Coaching in the auditing field

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School of Business | Master's thesis
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There is a need for redesigning performance management processes. Commonly used end reviews do not serve well as these do not provide the needed real time feedback and guidance that would further enhance the performance of individuals. Coaching focuses on the near-term work and provides a way between the subordinate and manager to go through feedback, further guidance and new information relating to the near- term work and to the challenges encountered. Management accounting has traditionally focused mainly on financial outcomes, employing frameworks and theories that are largely derived from economic principles only. Moreover, usually the focus in prior research has been on how to design control systems in production environments. With the introduction of Balanced Scorecard, the management accounting community was introduced to non-financial measures and since the importance of non-financial measures has steadily risen. When considering specifically the auditing sector the managers have grasped the concept of balanced scorecard and noticed that the learning and growth is the most important perspective when talking about the auditing field. The auditing sector relies heavily on the knowledge that the audit professionals themselves possess highlighting further the importance of developing the individuals. This qualitative research aims to look into coaching methods and more specifically identifying what is the best possible way to coach junior auditors at Big 4 firms. Besides looking at coaching at the junior level the study also addresses what other management control systems are in place in the auditing field specifically for the junior auditors. The results from this study show that the guidance coaching is the best method to approach the coaching with junior auditors. Furthermore, the study adheres the importance of coaching as bringing clarity for the juniors on the job they are doing. Main management control systems that are in place in the junior level include: results controls that mainly consist of grade promotion as a motivator or feedback from managers, personnel controls such as training, and action controls such as work reviews. When it comes to the daily work that the auditors are doing the juniors see coaching as an important tool to bring clarity to the work they are doing. Future research should focus on gaining knowledge whether coaching could be built into a more structured approach.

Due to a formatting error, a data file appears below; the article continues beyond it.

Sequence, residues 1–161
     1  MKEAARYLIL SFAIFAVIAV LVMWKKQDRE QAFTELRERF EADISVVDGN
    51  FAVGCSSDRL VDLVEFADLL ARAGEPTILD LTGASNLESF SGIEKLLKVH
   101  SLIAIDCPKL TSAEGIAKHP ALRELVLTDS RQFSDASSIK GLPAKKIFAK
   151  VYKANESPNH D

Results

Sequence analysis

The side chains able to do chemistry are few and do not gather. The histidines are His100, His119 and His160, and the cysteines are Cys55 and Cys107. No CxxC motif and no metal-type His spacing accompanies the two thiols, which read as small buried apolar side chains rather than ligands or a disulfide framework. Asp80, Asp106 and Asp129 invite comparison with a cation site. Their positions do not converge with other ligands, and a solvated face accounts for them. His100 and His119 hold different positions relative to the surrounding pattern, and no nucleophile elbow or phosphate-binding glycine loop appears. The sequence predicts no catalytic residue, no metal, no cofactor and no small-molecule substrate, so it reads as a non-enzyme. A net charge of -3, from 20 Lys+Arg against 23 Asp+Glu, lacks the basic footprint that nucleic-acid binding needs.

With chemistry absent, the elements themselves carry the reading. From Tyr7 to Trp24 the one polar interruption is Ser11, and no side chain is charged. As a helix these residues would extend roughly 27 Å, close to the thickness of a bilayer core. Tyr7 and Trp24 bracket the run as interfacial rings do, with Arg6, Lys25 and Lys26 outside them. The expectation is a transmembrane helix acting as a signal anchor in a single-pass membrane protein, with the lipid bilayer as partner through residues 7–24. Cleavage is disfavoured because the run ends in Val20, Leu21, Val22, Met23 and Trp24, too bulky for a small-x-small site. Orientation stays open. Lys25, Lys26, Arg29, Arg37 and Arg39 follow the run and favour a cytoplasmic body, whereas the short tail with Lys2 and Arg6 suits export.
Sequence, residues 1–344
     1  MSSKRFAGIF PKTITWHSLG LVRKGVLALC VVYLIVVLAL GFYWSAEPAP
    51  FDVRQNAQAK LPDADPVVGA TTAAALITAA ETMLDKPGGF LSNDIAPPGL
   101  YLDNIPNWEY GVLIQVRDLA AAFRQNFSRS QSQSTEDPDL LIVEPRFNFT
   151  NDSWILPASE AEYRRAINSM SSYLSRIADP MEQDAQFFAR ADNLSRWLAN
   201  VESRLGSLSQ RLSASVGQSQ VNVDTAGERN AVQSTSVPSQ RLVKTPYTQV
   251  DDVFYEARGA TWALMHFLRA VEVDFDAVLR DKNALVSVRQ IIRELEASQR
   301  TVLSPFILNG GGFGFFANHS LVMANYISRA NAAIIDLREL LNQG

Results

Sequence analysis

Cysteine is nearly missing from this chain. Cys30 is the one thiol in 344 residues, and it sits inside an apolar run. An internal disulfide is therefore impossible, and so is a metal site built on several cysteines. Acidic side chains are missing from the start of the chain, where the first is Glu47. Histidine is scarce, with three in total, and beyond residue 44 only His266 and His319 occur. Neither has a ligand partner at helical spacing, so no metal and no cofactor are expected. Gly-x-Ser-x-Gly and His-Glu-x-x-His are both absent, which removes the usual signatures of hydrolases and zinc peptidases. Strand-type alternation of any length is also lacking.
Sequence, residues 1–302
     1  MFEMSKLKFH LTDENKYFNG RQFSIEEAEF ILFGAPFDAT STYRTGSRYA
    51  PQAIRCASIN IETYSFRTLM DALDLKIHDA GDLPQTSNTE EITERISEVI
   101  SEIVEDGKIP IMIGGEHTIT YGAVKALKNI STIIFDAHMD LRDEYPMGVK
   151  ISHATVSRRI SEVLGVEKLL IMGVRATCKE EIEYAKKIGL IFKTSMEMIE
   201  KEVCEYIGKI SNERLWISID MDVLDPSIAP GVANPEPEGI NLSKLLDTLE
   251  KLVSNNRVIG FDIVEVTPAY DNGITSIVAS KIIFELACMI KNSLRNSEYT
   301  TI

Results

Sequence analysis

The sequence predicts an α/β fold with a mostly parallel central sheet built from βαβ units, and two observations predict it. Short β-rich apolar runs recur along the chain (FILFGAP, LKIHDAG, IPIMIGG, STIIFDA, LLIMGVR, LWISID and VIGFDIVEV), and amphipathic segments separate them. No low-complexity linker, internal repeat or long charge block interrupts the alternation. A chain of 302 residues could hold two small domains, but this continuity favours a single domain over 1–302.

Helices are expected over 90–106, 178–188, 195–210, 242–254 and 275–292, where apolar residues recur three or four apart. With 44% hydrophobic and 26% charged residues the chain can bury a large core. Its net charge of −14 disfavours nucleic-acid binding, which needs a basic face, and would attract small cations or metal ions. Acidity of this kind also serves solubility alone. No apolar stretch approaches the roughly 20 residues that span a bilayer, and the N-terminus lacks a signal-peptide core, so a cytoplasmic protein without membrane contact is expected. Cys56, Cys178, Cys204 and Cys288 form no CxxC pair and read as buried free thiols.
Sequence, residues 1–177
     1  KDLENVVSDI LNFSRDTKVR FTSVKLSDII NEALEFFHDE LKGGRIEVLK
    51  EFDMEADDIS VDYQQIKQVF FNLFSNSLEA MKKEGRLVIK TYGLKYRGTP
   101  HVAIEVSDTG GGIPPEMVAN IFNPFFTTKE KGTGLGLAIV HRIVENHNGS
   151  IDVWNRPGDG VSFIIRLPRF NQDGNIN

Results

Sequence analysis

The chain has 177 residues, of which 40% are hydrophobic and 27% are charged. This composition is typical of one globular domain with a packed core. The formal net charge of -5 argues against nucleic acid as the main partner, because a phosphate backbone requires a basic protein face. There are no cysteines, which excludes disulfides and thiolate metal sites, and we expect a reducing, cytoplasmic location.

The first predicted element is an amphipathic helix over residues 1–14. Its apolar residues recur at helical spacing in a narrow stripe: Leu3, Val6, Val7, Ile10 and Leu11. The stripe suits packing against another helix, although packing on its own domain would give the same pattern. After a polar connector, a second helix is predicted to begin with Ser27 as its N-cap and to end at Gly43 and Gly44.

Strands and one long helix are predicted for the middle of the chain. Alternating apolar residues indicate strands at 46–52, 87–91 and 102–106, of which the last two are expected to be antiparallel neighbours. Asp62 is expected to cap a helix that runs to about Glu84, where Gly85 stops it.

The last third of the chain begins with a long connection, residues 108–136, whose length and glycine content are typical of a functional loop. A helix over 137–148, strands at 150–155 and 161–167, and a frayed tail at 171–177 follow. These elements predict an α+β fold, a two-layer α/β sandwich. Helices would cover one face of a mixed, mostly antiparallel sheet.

Thesis advisor
Malmi, Teemu
coaching, audit, auditor learning, management control systems, PSF
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